The Cannibalistic Murders of Leonarda Cianciulli
Between 1939 and 1940, Italian serial killer Leonarda Cianciulli murdered three women and rendered their remains into teacakes and soap, an act that earned her the nickname of the Soap-Maker of Correggio. The slayings are horrific enough. Yet it’s the rationale behind the crimes that still sends a shiver down one’s spine.
Born in 1894 in Montella, Italy, Leonarda Cianciulli was by all accounts a superstitious woman. Compounding her fear was the premonition of a fortuneteller she had visited as a young woman. The psychic predicted that Leonarda would marry and have children, but that all of her offspring would die. A subsequent visit to a palm reader brought more bad news: “In your right hand I see the prison,” said the palm reader. “In your left, a criminal asylum.”
She married a registry clerk in 1917, against the wishes of her family. Her parents were so upset that Leonarda’s mother allegedly cursed the young couple. While the nature of the curse remains unknown, its presence hung over Leonarda’s 17 pregnancies. She lost three to miscarriages, while 10 other children died when they were very young. Consequently, Leonarda Cianciulli was very protective of her surviving four children. When her eldest son decided to enlist in World War II, she resolved to put a stop to it. And the only way to do that was with human sacrifice. So the concerned mother set out to find her victims.
Leonarda selected three women—Faustina Settie, Francesca Soavi, and Virginia Cacioppo. She gave each a reason to leave town—a prospective husband in Faustina’s case, and promises of employment in the case of Francesca and Virginia. She convinced the women to keep their plans secret prior to departure. In addition, Leonarda instructed her first two victims to preemptively write letters, addressed to friends and family and postmarked from their respective destinations, claiming that all was well.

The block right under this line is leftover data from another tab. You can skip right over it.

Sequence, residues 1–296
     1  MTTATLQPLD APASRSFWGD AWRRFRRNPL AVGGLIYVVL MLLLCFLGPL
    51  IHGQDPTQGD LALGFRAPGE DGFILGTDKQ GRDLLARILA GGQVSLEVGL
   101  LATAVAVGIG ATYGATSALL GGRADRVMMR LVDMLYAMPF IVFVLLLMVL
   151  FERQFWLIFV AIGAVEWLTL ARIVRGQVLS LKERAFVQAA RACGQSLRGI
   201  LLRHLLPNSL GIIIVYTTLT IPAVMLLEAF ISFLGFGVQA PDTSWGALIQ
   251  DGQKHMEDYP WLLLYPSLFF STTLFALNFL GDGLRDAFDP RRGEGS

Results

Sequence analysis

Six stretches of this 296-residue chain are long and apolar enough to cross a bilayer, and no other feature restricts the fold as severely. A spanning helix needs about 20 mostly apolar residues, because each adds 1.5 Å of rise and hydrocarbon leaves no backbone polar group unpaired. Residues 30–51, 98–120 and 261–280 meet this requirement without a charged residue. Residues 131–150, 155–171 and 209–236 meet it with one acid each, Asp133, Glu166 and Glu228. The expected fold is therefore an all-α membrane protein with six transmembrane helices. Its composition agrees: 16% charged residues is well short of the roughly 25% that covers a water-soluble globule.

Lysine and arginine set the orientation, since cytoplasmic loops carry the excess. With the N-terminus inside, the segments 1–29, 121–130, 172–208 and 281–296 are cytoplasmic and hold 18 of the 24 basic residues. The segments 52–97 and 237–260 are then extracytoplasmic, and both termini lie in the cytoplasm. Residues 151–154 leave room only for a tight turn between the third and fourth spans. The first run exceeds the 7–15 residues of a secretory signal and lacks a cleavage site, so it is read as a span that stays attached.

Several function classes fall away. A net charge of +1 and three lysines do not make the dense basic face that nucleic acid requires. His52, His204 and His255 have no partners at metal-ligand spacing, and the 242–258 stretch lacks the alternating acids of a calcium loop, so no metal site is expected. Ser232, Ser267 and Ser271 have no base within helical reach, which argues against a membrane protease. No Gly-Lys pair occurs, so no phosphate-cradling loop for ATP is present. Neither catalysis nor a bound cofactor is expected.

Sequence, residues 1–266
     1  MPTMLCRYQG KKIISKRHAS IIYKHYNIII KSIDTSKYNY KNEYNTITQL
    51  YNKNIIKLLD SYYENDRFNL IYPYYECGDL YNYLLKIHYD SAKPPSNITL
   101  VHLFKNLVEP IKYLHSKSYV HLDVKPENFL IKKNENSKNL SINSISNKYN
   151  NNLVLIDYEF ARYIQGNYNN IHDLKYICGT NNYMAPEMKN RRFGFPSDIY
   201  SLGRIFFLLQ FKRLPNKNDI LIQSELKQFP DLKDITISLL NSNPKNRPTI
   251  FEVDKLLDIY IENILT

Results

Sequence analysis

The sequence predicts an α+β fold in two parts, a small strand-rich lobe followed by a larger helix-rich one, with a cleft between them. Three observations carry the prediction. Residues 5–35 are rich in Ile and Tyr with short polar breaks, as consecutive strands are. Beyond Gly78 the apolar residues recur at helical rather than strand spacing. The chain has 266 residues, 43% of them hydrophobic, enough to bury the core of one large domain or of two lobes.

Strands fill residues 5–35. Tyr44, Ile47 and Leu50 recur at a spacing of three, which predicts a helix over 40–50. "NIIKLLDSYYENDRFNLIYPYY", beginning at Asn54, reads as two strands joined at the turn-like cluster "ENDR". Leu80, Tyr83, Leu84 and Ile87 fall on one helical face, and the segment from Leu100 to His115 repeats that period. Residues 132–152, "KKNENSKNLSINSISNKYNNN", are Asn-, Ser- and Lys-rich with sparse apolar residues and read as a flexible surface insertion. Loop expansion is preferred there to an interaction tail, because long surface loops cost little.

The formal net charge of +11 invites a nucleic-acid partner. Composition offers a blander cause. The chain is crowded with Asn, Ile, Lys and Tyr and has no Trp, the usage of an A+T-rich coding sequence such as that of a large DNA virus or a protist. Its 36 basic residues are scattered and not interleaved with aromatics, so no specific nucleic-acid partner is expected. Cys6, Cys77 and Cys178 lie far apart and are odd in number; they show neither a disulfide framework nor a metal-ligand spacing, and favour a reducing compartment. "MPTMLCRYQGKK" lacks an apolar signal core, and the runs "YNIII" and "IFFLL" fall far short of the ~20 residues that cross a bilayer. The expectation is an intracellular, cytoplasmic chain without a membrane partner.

Prior to her departure, Faustina Setti visited Leonarda one last time. The fortuneteller provided Faustina with a glass of wine—a toast, perhaps, to brighter days ahead. The wine was drugged. Soon after the sedatives took hold, Leonarda bludgeoned Faustina to death with an ax. The second victim, Francesca Soavi, met a similar end.
Leonarda cut Faustina’s body into nine pieces. She collected the blood and placed the chunks into a pot with caustic soda, used for making soap. Once the body dissolved into a mush, Leonarda poured the goo into a septic tank. She dried the blood in an oven, then mixed it with flour, sugar, chocolate, milk, eggs, and margarine, and made teacakes that she served to neighbors. According to her memoir, Leonarda and her son also enjoyed the bloody pastries.
Leonarda’s final victim, Virginia Cacioppo, was a former soprano. She had flesh that was “fat and white” and, according to the killer, made a “most acceptable creamy soap” when boiled down. The murdered singer received the same culinary treatment as Leonarda’s previous victims; her remains were cooked into treats and distributed among neighbors. Leonarda noted that “the cakes, too, were better: that woman was really sweet.”
Virginia Caccioppo proved to be Leonarda’s last victim. Virginia’s sister-in-law grew suspicious of her disappearance and told the superintendent of police that she had last seen Caccioppo entering Cianciulli’s home. Leonarda was promptly arrested, admitting to her crimes. During her trial in 1946, she remained unrepentant, going so far as to correct lawyers on grisly details and proudly claiming that she had donated the copper ladle—originally used to skim human fat—to the war effort.
Cianciulli was found guilty and sentenced to thirty years in prison and three years in a criminal asylum. She died of cerebral apoplexy in 1970. While she was behind bars, she wrote a memoir called An Embittered Soul’s Confessions, in which she coolly described her crimes. The murders have inspired a handful of plays and films, and several pieces of evidence from the case, including the pot in which the victims were boiled, remain on display in Rome’s Criminological Museum.
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